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If you are responsible for managing servers from which you are physically separated, you should consider using a special card, usually in a PCI form factor, which gives you the equivalent of console access via the network. This can obviously be a good idea if you're a thousand miles away from the box, but it's also a good idea if your server is just down the hall in a secure raised-floor area, where you naturally want to minimize traffic and any physical activity. Either way, these cards let you do from your desk almost everything you can do from the server, including rebooting and working with the server's BIOS.
Each of the server manufacturers has a different name for their card. For example, IBM refers to its "Remote Supervisor Adapter" card and Dell calls theirs a "DRAC," but the basic functions are the same. The cards have their own Ethernet connection which can operate as long as there is power, and you use them by establishing a terminal session to this card. Many also have a keyboard/video/mouse connection too, so you can use that from a remote KVM switch.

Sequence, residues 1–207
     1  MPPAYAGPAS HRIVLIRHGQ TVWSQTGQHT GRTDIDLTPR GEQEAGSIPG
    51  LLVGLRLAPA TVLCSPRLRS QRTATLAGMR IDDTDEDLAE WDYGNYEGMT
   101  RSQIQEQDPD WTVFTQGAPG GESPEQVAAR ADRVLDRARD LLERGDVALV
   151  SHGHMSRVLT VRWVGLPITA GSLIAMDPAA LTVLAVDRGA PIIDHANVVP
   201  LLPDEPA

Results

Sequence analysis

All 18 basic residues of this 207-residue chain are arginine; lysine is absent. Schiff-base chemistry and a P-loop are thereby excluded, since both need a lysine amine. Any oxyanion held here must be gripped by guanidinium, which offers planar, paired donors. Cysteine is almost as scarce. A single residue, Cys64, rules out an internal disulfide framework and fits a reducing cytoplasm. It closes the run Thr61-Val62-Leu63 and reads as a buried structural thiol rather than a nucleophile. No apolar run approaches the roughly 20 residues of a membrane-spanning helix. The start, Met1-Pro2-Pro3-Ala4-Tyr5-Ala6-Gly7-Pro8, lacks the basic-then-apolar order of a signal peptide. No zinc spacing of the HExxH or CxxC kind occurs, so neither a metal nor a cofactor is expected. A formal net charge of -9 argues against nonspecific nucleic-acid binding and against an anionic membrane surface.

Aside from making remote administration easier, these cards have several added security benefits. For example, they separate user traffic from admin traffic, which can be a big security benefit if your network is set up for "out-of-band" management. That is, you can isolate your management traffic to a separate VLAN or switch so that users can't get there, without affecting any connectivity to the server's primary network connection. Also, this is a security benefit because your operating system doesn't have to also be listening on any management ports, like ssh or Telnet, or for Windows Terminal Server or PCAnywhere, so obviously, your system won't be vulnerable to exploits in those services.
If your servers are a name brand like IBM, Dell or HP, you're probably better off getting a remote console card from the server manufacturer, so that it integrates with the BIOS. If you've rolled your own server from various components, you should probably go with a board like the eRIC, which acts like a stand-alone computer.